Weekend Argus (Saturday Edition) - - FRONT PAGE -

has been in­stru­men­tal in help­ing are Ge­orge Stevens, now Head of Singing at UCT’s Col­lege of Mu­sic, and James Bhemgee, the City Coun­cil em­ployee who went on to win the SA’s Got Tal­ent com­pe­ti­tion.

She has also founded three singing groups, The Bril­liant Bari­tones, The Ter­rific Tenors and The Fine Singers.

Fit­tingly, then, for some­one who half sus­pected she had been for­got­ten, Wendy Fine was the deeply grate­ful re­cip­i­ent last week of the in­au­gu­ral Western Cape gov­ern­ment’s Life­time Achieve­ment Award for her con­tri­bu­tion to arts and the opera genre.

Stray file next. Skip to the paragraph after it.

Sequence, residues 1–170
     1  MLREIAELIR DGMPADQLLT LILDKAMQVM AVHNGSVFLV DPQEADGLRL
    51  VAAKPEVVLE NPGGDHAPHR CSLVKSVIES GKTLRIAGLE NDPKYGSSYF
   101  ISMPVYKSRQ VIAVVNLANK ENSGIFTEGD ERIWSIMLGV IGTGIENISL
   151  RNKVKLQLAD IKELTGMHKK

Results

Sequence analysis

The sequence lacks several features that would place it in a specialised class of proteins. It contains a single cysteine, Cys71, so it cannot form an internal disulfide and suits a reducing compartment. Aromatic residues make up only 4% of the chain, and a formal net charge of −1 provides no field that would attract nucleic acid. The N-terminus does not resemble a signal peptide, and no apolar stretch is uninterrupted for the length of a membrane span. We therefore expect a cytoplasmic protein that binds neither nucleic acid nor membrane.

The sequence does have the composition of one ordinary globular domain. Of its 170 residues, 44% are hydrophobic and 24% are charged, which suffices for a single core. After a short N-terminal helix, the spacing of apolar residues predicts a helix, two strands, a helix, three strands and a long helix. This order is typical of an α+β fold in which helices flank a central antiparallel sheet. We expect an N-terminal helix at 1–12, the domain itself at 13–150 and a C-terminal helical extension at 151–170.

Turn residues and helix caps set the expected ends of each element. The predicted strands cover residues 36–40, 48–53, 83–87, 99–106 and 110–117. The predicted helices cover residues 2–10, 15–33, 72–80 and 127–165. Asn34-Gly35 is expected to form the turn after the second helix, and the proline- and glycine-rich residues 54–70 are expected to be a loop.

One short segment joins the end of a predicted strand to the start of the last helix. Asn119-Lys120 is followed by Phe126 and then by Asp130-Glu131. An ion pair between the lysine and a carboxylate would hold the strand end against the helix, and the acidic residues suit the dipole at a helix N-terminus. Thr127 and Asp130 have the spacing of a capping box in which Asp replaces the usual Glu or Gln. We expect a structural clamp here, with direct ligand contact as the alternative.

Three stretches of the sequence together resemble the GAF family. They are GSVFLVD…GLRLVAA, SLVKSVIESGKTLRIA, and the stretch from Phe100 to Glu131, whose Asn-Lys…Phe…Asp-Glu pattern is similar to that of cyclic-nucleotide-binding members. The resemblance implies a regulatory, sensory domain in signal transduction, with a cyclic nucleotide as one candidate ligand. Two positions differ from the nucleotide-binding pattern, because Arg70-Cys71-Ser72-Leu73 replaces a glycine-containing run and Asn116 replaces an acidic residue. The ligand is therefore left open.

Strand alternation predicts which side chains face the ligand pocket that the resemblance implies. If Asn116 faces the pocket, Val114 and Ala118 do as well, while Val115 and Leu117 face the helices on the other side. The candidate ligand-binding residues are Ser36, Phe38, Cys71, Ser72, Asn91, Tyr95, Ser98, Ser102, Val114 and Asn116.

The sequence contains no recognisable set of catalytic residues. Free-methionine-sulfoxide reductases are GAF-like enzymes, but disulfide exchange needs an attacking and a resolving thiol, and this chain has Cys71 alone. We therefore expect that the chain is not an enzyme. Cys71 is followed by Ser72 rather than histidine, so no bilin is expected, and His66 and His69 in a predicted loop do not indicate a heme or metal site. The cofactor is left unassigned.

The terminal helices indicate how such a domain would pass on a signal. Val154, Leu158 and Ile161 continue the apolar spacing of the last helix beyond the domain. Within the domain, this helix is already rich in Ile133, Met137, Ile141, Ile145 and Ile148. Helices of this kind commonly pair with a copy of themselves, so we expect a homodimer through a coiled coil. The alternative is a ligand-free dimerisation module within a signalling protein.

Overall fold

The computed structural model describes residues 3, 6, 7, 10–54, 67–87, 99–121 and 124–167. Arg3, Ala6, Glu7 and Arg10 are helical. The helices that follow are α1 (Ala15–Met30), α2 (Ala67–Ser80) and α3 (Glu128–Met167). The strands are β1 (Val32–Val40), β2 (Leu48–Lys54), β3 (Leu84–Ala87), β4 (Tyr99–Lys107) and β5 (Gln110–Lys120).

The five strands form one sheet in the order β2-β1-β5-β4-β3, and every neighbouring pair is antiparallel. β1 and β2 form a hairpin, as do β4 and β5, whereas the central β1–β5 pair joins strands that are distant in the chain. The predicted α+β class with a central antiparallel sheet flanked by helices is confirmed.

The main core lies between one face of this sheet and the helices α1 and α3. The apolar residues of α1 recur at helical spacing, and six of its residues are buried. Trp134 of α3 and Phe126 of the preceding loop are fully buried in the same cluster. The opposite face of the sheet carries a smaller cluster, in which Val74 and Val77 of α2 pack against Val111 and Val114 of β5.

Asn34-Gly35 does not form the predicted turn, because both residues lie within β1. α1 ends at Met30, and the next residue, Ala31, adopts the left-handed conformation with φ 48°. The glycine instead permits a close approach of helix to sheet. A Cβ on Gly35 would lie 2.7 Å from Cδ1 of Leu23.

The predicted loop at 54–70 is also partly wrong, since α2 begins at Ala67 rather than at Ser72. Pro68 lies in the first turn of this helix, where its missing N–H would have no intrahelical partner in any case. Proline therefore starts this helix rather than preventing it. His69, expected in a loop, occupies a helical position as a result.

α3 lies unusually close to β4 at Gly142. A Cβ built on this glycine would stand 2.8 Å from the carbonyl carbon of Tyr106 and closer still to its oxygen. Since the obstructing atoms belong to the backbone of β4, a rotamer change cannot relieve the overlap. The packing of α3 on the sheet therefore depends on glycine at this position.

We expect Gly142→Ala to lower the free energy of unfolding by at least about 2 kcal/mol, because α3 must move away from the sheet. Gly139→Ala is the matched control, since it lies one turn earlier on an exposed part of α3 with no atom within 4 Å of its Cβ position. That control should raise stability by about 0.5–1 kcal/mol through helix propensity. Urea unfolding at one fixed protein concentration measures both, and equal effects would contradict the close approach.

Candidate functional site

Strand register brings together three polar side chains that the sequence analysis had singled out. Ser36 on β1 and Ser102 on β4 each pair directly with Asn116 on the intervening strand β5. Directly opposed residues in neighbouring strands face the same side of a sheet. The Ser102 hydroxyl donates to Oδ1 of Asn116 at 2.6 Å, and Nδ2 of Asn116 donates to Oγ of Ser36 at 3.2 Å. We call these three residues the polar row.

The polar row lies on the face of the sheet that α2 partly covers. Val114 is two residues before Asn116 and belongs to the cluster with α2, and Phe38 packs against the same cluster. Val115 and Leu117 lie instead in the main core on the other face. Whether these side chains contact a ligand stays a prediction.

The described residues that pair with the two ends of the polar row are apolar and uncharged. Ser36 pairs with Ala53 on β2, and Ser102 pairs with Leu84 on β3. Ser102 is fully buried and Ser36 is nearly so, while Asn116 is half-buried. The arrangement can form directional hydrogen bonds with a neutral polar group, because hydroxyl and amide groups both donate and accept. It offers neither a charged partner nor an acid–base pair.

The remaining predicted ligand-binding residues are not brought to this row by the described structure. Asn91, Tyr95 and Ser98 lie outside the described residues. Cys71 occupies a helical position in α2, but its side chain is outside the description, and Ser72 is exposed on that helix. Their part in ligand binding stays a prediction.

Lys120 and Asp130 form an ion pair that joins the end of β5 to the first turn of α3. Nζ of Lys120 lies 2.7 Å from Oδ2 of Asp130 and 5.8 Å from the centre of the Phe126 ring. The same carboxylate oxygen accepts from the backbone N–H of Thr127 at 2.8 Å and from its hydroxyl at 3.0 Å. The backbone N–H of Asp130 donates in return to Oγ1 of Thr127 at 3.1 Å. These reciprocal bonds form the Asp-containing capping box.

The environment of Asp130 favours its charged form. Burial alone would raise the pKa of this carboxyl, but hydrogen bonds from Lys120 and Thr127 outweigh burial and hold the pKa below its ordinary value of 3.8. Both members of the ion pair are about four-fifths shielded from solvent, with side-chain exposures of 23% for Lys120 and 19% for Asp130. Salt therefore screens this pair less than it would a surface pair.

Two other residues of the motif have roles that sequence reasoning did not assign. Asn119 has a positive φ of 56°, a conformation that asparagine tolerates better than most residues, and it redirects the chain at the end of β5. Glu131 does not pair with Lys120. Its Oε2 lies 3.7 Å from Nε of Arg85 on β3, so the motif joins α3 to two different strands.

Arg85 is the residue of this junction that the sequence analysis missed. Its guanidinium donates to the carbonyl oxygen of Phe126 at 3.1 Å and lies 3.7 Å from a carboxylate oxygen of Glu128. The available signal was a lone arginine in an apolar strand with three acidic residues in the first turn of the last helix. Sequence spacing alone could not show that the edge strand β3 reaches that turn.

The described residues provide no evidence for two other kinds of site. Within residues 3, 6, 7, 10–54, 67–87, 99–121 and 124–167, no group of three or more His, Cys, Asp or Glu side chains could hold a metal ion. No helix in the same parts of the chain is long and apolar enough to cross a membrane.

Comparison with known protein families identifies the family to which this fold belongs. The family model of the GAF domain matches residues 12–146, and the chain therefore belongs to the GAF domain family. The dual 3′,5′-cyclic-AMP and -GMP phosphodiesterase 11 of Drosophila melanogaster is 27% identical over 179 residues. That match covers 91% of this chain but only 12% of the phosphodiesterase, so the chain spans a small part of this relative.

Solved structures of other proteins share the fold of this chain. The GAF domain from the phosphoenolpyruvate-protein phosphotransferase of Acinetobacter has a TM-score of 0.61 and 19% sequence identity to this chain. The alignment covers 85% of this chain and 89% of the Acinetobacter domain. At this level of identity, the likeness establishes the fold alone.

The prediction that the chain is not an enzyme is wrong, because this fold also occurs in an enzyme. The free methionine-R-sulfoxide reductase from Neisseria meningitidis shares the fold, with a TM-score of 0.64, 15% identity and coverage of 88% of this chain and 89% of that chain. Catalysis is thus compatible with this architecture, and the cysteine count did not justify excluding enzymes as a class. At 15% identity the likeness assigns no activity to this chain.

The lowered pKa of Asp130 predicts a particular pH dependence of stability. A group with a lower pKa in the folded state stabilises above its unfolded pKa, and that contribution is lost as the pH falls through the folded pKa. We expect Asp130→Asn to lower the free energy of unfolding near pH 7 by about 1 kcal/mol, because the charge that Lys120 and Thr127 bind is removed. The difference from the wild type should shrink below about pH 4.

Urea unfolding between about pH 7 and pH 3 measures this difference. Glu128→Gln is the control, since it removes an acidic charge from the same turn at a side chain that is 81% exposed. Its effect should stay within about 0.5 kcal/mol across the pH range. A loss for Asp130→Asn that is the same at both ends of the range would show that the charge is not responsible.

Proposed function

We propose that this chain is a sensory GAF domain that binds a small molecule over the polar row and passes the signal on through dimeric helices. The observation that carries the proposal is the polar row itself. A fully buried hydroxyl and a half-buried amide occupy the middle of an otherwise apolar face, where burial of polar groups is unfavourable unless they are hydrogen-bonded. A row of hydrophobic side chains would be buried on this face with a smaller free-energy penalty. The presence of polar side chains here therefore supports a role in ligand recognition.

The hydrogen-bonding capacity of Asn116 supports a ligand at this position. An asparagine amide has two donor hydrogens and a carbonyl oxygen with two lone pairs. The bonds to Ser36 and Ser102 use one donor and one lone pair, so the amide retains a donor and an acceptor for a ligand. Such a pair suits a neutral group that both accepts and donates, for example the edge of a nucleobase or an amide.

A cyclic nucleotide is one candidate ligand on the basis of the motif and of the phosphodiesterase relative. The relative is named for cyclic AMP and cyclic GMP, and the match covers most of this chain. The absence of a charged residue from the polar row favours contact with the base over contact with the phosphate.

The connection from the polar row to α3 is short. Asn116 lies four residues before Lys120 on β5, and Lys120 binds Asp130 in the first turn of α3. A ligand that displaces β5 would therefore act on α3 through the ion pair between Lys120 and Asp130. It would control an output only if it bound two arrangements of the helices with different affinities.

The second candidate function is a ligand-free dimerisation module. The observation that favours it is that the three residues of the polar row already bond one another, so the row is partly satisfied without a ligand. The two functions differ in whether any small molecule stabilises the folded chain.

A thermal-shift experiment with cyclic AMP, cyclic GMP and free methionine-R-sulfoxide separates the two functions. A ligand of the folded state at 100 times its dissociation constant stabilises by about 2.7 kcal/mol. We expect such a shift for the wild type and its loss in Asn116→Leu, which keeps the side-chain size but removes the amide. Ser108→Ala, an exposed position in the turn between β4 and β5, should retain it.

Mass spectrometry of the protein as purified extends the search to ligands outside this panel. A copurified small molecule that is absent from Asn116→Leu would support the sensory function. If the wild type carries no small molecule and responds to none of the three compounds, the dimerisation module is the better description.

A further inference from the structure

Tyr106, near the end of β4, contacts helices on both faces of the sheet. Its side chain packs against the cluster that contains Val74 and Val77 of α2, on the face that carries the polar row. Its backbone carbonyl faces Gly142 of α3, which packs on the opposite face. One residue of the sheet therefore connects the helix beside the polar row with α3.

The ci­ta­tion, which ac­knowl­edges that “this iconic opera singer” was “one of the first South African so­pra­nos to have be­come an in­ter­na­tional opera star”, sums up a long and var­ied singing life by not­ing not only her “ex­cep­tional vo­cal ver­sa­til­ity, ex­cel­lent range and com­mand­ing stage pres­ence” which en­abled her to “per­form a wide reper­toire and grace opera houses around the world”, but her com­mit­ment to “nur­tur­ing singers and find­ing tal­ent in our com­mu­ni­ties and tak­ing them to the world”. Wendy Fine, it con­cludes, “is truly a re­mark­able South African and ac­tivist for the arts and the opera genre”.

Cape Town’s choral mae­stro Barry Smith said in a trib­ute to Fine: “If she were a Bri­tish cit­i­zen she would have long ago been ‘Dame Wendy Fine’.”

He went on to re­count how,

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